My favourite part of spring is seeing backyard egg production at full tilt. To maintain this hectic laying schedule, hens need a nutritious diet and plenty of shell grit. It’s easy to confuse shell grit with hard grit, the small stones fowls ingest to help grind feed in the gizzard. In fact, laying hens need both kinds of grit, as the crushed seashells are crucial for healthy eggs.
No grit, no pearl
Shell grit provides the calcium that is used to make eggshells. Without a sufficient intake, hens are more likely to lay thin-shelled or soft-shelled eggs, and become prone to internal egg breakages and becoming egg bound. Calcium is also used in many other processes inside the hen’s body. It functions in association with a smaller amount of phosphorus, and these can only be utilised in the presence of vitamin D3. Protein is also required to facilitate the process. This is why a balanced diet is a must for chooks.
Where there is a shortfall in dietary calcium, hens must call on reserves in their medullary bones, in the sternum, pelvis and legs. Over time this can lead to the skeleton being compromised and stress fractures can occur. Avoid this by supplying medium grade shell grit, the most effective sized pieces for absorption by poultry. The grit is retained in the glandular stomach where it is dissolved into the blood stream and utilised to make the eggshell.
Don’t quit on grit
Let the chooks help themselves to shell grit rather than mixing it in with food. This allows them to access it at the right time for optimal absorption to make the shell. Most hens prefer to peck away at it in the mid afternoon, ready for the 18-hour shell formation process that occurs overnight. A constant supply also means hens laying at different rates can choose the exact amounts they need.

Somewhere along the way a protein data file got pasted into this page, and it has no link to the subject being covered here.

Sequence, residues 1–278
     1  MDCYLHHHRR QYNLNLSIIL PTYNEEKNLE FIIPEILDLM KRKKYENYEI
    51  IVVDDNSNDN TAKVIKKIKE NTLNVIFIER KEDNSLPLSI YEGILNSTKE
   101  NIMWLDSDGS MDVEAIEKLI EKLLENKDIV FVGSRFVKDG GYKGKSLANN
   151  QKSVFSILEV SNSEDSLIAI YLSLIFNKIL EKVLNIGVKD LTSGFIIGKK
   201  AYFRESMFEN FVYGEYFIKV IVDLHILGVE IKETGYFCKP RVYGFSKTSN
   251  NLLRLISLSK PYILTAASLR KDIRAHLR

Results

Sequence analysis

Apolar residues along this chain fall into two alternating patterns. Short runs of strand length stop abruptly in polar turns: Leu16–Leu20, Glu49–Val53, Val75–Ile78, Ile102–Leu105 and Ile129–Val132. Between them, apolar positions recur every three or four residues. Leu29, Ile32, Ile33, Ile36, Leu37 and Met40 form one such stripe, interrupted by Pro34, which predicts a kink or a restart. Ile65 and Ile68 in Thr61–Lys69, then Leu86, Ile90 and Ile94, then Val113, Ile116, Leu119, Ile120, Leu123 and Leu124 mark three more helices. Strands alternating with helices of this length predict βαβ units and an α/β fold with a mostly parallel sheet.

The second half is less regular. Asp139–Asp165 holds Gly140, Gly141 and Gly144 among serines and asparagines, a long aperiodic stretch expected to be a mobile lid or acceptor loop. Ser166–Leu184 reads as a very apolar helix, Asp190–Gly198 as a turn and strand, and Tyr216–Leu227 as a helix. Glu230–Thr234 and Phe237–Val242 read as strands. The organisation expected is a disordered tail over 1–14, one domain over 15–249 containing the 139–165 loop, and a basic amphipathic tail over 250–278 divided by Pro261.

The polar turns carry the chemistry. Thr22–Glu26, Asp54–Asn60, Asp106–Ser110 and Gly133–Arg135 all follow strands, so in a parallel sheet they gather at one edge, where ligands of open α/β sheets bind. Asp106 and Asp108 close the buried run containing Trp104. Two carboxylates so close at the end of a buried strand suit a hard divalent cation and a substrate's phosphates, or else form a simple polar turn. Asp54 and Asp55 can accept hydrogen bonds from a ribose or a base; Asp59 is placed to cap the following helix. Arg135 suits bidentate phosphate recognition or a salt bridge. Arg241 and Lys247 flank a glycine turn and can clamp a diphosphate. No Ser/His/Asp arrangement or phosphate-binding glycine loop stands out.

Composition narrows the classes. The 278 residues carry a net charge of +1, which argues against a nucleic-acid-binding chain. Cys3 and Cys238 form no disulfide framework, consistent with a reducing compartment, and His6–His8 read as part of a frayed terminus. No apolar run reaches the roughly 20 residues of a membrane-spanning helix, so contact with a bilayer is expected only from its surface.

Good news: shell grit is cheap and cheerful. A 25kg bag cost me around $20 from my local stock feed store, and will last years. Additionally, I save my eggshells, dry them in a low oven, crush them into small pieces, and add them to the shell grit supply. However, it’s best not to rely on eggshells alone, as this is likely to create a calcium shortfall; a hen would need to eat two or three eggshells a day to produce one egg.
Shell grit needs to be provided to hens from point of lay (around 20 weeks) onwards. Chicks and roosters don’t require calcium beyond what’s in their proprietary feed, and don’t tend to help themselves to the hens’ stash.
I prefer to offer ours in a heavy bottomed dog feed bowl so it can’t be turned over. It’s important to keep shell grit clean; don’t let it get dusty or full of debris. Research has found chooks prefer shiny, fresh-looking shell grit. Crikey – perhaps they’ll expect us to polish it up for them next!
By: Jessamy Miller
First published: October 2016